All material is copyright 2008- 2024 by Lauren Yarger. Reviews and articles may not be reprinted without permission. Contact reflectionsinthelight@gmail.com


Key to Content Notes:

God's name taken in vain -- means God or Jesus is used in dialogue without speaking directly to or about them.

Language -- means some curse words are used. "Minor" usually means the words are not too strong or that it only occurs once or twice throughout the show.

Strong Language -- means some of the more heavy duty curse words are used.

Nudity -- means a man or woman's backside, a man's lower front or a woman's front are revealed.

Scantily clad -- means actors' private areas are technically covered, but I can see a lot of them.

Sexual Language -- means the dialogue contains sexually explicit language but there's no action.

Sexual Activity -- means a man and woman are performing sexual acts.

Adultery -- Means a married man or woman is involved sexually with someone besides their spouse. If this is depicted with sexual acts on stage, the list would include "sexual activity" as well.

Sex Outside of Marriage -- means a man and woman are involved sexually without being married. If this is depicted sexually on stage, the list would include "sexual activity" as well.

Homosexuality -- means this is in the show, but not physically depicted.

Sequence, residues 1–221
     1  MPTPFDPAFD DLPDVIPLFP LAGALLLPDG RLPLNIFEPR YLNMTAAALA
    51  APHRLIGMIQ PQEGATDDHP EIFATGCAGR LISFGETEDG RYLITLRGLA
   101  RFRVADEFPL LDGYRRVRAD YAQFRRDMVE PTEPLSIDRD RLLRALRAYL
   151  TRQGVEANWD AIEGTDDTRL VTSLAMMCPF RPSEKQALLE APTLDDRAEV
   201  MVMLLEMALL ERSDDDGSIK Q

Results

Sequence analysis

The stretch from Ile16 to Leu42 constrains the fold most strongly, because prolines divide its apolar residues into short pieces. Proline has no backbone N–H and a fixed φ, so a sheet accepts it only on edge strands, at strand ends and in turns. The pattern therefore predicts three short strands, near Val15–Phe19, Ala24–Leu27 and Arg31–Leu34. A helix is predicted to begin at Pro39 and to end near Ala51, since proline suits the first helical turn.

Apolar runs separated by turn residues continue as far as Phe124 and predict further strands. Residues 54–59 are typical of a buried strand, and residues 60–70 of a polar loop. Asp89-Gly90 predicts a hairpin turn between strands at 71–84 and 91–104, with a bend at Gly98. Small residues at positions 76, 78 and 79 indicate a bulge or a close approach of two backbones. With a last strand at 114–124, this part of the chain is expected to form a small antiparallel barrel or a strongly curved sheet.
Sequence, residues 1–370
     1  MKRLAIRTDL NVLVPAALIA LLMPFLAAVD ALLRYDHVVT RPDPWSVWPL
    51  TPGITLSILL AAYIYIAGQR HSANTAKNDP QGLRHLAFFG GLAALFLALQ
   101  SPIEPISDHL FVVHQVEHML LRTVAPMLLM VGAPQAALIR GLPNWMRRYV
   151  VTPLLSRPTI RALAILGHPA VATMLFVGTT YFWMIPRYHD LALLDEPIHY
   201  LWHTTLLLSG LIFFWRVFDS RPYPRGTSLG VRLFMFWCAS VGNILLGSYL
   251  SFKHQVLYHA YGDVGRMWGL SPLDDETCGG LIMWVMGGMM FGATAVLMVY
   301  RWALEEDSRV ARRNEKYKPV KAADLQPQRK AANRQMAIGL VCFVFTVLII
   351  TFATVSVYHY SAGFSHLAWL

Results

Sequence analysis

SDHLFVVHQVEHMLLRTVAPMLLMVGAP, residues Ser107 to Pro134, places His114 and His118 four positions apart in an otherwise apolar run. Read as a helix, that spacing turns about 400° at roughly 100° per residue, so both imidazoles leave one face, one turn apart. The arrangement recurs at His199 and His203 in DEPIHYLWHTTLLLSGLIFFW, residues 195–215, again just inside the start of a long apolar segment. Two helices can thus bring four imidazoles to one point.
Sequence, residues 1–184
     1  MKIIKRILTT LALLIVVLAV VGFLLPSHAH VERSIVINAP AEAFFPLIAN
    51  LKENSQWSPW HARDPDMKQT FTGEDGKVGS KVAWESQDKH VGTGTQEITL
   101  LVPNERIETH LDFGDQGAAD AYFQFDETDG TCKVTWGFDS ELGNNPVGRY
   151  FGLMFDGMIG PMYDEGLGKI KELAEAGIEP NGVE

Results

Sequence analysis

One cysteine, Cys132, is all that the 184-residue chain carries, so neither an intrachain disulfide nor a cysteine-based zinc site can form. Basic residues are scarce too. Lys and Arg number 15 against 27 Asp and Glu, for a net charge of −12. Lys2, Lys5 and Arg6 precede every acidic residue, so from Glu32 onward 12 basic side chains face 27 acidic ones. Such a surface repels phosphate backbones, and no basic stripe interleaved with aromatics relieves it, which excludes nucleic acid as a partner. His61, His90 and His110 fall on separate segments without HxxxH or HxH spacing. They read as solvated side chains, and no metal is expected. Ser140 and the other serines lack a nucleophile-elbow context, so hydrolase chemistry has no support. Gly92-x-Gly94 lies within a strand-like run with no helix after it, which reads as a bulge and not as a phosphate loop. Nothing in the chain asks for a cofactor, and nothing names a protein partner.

Homosexual activity -- means two persons of the same sex are embracing/kissing. If they do more than that, the list would include "sexual activity" as well.

Cross Dresser -- Means someone is dressing as the opposite sex. If they do more than that on stage the listing would include the corresponding "sexual activity" and/or "homosexual activity" as well.

Cross Gender -- A man is playing a female part or a woman is playing a man's part.

Suggestive Dancing -- means dancing contains sexually suggestive moves.

Derogatory (category added Fall 2012) Language or circumstances where women or people of a certain race are referred to or treated in a negative and demeaning manner.

Other content matters such as torture, suicide, or rape will be noted, with details revealed only as necessary in the review itself.

The term "throughout" added to any of the above means it happens many times throughout the show.

Reviewing Policy

I receive free seats to Broadway and Off-Broadway shows made available to all voting members of the Outer Critics Circle. Journalistically, I provide an unbiased review and am under no obligation to make positive statements. Sometimes shows do not make tickets available to reviewers. If these are shows my readers want to know about I will purchase a ticket. If a personal friend is involved in a production, I'll let you know, but it won't influence a review. If I feel there is a conflict, I won't review their portion of the production.